Oakland Raiders: John Madden

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Ray Guy took his place among the game’s immortals Saturday night when he was inducted into the Pro Football Hall of Fame in Canton, Ohio. He made a little extra history along the way.

The Oakland Raiders' first-round draft pick in 1973 is the first pure punter to be enshrined. He is the 22nd Hall of Famer the Raiders recognize.

"Punters," former Raiders coach and fellow Hall of Famer John Madden said in his introduction of Guy, "are football players, too."

In a speech that lasted nearly 15 minutes, Guy spoke of his long and winding road to Canton from the fields of Georgia.

"There are no more games to play," he said, "no more records to set or championships to win. This is beyond my wildest dreams. I didn’t do it alone."

Guy, a seven-time Pro Bowl and three-time All-Pro selection, thanked members of his family first, saying the greatest influences in his life were his late mother and father. He also mentioned his late college coach at Southern Mississippi, P.W. Underwood, as well as late Raiders owner Al Davis, who was represented in Canton by his wife Carole and son Mark, the current Raiders managing general partner. Two-time Super Bowl-winning Raiders coach Tom Flores was also in the audience.

"Playing in the NFL with the Raiders was my destiny," said Guy, one of just six players to have been on all three of their Super Bowl title teams.

Also a safety in college, Guy was an athlete. He was drafted by the Cincinnati Reds. He also said he could have played in the NBA.

Just three of Guy’s 1,049 career punts were blocked.

"Ray Guy made people in the 'hood say, 'I’m Ray Guy,'" Hall of Fame receiver Michael Irvin said on the NFL Network.

"There was nothing too technical or complicated" about how Guy kicked, he said. "I was taught to keep my ego in its place. I’d rather be in the background, just one of the people.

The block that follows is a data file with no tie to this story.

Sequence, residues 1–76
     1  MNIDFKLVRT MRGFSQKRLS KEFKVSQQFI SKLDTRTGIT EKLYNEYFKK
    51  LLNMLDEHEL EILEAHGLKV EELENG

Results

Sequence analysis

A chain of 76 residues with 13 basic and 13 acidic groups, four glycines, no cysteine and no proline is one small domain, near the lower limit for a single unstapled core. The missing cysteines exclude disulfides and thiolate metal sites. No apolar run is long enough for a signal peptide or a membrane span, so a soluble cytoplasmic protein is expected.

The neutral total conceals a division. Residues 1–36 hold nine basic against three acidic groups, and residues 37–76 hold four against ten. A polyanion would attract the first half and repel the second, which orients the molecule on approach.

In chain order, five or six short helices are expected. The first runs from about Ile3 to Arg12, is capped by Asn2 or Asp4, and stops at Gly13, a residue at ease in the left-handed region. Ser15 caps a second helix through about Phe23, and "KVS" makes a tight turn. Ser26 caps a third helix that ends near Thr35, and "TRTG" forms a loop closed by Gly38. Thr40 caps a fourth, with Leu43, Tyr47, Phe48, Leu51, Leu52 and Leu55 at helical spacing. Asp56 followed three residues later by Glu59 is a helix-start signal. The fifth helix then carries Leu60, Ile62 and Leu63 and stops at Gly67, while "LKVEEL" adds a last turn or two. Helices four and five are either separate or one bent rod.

"I am who I am, and that’s all you're ever going to get."

Guy said he was told recently that the biblical meaning of his uniform number, 8, was a new beginning. As such, he hoped his inclusion at Canton was a new beginning for punters, as well as continuing to serve as an inspiration.

"Punters," Guy said, "keep the faith. You are an important part of every game.

"This is long, long overdue. But now, the Hall of Fame has a complete team."
It only seems natural that Ray Guy chose his first NFL coach to present him Saturday when the longtime Oakland Raiders punter is introduced for induction into the Pro Football Hall of Fame.

John Madden, who is already an enshrinee in Canton, Ohio, will do the honors. But Guy also said there was a certain pecking order to who he wanted introducing him.

The late Al Davis, who presented eight previous Raiders Hall of Famers, would have been Guy’s first choice, followed by Madden and, if Madden would have been unavailable, Guy’s only other head coach with the Raiders, Tom Flores.

“I wanted Al to do it, of course,” Guy said earlier this week. “We’re only here for a little while, basically, but I wanted him to do it and then, of course, he’s not going to be able to be there. He is there but he’s not there verbally introducing me.

“I wanted to keep it within the family, and when I say family, I’m talking about the Raiders, so the next obvious choice would be John.”

Madden was the Raiders' coach when Oakland used an unheard of first-round draft pick on Guy in 1973, and under whom the Raiders won their first championship, Super Bowl XI in the 1976 season.